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  1. #1

    Default bentonite clay questions

    Can treatment with bentonite clay be done at secondary, or is that too soon? Can the treatment with bentonite clay be done at the same time as stabilizing (rack the mead from primary onto mix of bentonite clay. campden tablets and pottasium sorbate?). I got this batch that is about finished fermenting, and i would like to minimize racking without messing up the brew.

  2. #2

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    I don't know for sure. But here is what came to mind. SO2 binds to stuff in the mead. It's the unbound (free) SO2 that is left to do it's work. It may be the case that the bentonite would lower your affectivness of the SO2 and might not be enough to stabilize the mead. I would wait and fine after you know the mead is stable.

    BTW. I would wait until the ferment is over before I stabilize it as well.
    7 out of 4 people have a hard time using their hydrometer!

  3. #3
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    All the wine kits I've ever used put the bentonite in up front, and some meadmakers are doing this now too. If you try it this way I would suggest you stir it gently each day until it's comletely finished fermenting and is completely degassed as well, then let it settle a few days before you rack it. That way you can minimize racking by leaving most of the particles behind with your first racking, and then you can go ahead and stabilize it in the carboy.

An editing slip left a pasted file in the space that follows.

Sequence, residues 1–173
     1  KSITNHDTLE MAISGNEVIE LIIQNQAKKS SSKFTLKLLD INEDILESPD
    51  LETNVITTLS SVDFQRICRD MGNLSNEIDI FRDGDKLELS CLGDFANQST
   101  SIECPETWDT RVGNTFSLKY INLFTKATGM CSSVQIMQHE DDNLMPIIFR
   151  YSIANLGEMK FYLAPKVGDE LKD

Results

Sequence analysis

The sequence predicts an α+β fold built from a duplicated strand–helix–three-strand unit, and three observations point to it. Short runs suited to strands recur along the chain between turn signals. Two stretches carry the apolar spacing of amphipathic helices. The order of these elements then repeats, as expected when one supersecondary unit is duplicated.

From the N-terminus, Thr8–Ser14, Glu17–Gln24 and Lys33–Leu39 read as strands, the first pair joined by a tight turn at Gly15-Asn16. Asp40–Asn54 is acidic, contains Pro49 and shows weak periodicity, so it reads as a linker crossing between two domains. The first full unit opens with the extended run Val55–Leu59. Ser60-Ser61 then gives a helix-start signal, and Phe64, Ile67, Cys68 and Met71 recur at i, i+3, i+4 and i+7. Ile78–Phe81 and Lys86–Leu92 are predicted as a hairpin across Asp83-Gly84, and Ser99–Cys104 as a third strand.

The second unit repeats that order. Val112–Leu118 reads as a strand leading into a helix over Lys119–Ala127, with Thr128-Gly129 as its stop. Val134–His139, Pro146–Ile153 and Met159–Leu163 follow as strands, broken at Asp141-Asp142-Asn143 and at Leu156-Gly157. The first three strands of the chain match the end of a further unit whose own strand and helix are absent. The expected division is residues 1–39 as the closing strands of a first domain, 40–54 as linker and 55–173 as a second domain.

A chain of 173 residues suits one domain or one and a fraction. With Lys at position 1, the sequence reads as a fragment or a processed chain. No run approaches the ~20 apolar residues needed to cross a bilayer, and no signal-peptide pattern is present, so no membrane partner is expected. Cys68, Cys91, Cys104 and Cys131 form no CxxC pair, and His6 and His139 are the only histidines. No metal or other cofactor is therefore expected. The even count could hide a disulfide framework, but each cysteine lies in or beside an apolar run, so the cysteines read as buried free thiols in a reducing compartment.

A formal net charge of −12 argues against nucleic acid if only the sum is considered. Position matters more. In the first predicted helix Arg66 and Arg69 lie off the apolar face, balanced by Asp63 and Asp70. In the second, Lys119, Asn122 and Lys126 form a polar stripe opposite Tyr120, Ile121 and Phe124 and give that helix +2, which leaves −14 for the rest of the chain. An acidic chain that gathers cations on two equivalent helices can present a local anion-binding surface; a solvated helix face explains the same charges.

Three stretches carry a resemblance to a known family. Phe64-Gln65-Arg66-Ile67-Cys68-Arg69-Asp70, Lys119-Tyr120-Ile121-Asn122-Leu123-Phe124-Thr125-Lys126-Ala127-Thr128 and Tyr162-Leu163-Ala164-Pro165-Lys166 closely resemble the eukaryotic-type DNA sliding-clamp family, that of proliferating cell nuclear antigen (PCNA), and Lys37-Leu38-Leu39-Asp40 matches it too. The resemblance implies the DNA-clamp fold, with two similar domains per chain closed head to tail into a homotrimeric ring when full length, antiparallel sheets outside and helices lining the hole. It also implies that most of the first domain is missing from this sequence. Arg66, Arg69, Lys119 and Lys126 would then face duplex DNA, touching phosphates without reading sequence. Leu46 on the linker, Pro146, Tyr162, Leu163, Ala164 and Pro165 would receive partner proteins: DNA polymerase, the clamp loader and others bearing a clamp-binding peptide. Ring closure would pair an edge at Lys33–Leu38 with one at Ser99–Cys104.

I think you want to make sure your must is degassed before you add the clay so that you don't get carbon dioxide using the bentonite particles as nucleation points and making the clay float.

    I typically only use bentonite if I need it, if you rack onto bentonite, you are guaranteeing that you will need to rack one more time before you bottle, but if you rack a very clear mead into secondary there's a chance you won't need to rack again before bottling.

    I tried to look up whether bentonite would bind to the SO2 and mess up your stabilization but though my google fu isn't bad, my laptop refused to load any of the documents I found... this one looked promising though...